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Mantids and Milkweed Bugs: Efficacy of Aposematic Coloration Against Invertebrate Predators

May R. Berenbaum and E. Miliczky
The American Midland Naturalist
Vol. 111, No. 1 (Jan., 1984), pp. 64-68
DOI: 10.2307/2425543
Stable URL: http://www.jstor.org/stable/2425543
Page Count: 5
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Since scans are not currently available to screen readers, please contact JSTOR User Support for access. We'll provide a PDF copy for your screen reader.
Mantids and Milkweed Bugs: Efficacy of Aposematic Coloration Against Invertebrate Predators
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Abstract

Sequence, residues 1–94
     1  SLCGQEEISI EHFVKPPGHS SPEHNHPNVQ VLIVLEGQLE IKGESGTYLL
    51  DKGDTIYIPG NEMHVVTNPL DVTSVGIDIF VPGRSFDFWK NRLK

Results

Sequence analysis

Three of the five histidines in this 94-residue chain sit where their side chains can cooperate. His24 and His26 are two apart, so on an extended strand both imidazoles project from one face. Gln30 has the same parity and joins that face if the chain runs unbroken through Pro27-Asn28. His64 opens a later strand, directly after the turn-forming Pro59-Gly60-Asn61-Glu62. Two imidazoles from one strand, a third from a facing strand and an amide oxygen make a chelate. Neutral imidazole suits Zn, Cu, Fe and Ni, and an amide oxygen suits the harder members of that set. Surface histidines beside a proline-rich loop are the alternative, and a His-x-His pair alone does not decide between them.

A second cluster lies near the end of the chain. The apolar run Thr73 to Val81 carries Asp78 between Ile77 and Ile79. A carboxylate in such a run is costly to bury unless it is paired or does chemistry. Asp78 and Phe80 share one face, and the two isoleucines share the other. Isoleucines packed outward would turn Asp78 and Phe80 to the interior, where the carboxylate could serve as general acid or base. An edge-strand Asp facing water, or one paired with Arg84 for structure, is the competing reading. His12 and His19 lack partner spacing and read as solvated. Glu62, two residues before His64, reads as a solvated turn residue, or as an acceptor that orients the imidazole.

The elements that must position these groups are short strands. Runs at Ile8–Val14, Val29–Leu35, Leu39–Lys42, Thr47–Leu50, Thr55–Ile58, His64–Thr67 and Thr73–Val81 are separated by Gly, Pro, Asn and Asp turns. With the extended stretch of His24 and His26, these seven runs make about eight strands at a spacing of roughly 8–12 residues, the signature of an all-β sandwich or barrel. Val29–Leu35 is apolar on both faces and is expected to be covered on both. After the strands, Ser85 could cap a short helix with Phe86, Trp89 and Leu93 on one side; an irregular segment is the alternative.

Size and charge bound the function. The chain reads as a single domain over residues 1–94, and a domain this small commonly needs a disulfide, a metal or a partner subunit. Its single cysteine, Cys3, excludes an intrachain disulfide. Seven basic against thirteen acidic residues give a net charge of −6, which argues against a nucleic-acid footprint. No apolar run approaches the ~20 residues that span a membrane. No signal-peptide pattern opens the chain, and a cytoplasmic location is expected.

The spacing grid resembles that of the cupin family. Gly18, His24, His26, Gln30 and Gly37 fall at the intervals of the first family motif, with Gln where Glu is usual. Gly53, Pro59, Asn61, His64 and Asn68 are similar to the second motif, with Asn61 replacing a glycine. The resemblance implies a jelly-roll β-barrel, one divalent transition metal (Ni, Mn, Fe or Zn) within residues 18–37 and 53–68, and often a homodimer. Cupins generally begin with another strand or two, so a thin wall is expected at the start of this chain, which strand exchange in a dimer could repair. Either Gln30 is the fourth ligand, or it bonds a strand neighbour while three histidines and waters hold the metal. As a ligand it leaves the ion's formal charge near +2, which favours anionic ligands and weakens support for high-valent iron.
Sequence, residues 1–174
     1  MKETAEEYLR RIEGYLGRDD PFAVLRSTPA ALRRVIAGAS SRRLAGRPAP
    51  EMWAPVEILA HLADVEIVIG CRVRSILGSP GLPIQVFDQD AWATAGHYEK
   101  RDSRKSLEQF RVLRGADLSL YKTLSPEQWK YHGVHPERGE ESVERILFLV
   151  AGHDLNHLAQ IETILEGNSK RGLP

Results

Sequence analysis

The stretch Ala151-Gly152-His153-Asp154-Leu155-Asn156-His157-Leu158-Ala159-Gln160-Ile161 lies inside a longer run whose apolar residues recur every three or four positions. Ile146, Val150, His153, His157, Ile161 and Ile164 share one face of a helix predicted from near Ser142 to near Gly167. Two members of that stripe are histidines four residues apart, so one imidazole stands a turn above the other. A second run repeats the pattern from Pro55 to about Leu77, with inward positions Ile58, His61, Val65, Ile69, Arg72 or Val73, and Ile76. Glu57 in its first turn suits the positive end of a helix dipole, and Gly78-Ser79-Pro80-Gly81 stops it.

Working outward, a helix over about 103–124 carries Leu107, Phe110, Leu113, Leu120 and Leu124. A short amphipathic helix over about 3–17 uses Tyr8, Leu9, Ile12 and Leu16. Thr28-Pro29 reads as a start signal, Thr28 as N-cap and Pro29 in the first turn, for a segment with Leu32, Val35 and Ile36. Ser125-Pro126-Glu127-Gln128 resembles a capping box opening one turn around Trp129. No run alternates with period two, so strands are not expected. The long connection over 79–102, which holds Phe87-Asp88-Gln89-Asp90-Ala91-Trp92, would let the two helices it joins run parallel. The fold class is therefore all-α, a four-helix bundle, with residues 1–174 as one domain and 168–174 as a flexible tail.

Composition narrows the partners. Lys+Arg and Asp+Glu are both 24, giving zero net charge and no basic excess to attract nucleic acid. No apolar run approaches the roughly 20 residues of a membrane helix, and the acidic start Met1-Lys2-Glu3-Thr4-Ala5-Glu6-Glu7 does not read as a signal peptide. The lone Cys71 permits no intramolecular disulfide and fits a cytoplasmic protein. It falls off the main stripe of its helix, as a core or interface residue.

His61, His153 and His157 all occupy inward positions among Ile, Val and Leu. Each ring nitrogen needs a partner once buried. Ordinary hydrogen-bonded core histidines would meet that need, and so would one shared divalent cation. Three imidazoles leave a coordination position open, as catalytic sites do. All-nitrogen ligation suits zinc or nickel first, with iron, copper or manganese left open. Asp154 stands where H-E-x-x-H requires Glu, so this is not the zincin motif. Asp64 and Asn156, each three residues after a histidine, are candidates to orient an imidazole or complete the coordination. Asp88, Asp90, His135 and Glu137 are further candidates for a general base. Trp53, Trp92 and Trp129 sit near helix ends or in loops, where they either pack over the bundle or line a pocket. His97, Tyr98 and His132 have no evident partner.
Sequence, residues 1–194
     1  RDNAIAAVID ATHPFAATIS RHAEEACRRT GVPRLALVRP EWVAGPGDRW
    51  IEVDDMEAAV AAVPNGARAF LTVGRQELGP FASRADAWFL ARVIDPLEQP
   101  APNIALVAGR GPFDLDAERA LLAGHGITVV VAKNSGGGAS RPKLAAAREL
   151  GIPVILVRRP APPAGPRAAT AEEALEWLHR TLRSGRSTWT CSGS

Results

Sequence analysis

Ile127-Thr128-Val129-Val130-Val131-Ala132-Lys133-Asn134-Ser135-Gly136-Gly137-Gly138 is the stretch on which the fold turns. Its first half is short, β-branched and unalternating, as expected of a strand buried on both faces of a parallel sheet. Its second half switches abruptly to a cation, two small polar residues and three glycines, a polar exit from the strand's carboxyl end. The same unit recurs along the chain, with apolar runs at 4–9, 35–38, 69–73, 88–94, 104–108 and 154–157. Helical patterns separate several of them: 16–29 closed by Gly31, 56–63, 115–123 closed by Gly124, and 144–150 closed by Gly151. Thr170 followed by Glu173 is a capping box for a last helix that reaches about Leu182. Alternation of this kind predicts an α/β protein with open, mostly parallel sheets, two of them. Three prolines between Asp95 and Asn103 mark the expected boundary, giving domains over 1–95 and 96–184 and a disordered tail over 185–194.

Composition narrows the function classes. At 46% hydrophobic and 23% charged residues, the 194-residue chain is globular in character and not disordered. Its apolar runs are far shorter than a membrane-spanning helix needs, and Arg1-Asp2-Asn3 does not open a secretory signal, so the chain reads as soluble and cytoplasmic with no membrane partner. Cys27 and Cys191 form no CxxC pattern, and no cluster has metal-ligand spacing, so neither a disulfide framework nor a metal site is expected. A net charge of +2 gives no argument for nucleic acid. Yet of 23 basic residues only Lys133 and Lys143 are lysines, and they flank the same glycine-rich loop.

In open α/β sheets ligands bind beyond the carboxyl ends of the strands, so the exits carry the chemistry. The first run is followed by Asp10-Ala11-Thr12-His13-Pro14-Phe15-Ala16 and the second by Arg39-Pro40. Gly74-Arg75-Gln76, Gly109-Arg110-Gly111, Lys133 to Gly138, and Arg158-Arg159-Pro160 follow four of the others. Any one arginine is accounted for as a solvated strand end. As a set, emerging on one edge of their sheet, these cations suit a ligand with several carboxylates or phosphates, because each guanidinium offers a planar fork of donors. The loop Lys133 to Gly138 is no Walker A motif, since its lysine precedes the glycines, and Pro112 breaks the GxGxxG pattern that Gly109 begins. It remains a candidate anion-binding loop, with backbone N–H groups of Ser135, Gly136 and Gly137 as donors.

After attacking and consuming milkweed bugs (Oncopeltus fasciatus) raised on seeds of milkweed (Asclepias syriaca), the mantid Tenodera ardifolia sinensis regurgitates and shows signs of poisoning by cardenolides, secondary substances sequestered by the bugs from their host plants. After several encounters, mantids refuse to attack milkweed bugs altogether; moreover, they refuse to attack palatable and non-toxic O. fasciatus raised on seeds of sunflower, a plant lacking cardenolides. This, then, is the first report of the efficacy of automimicry as a defense against invertebrate predators, and the first report of emetic potential of substances derived from milkweed against insects.

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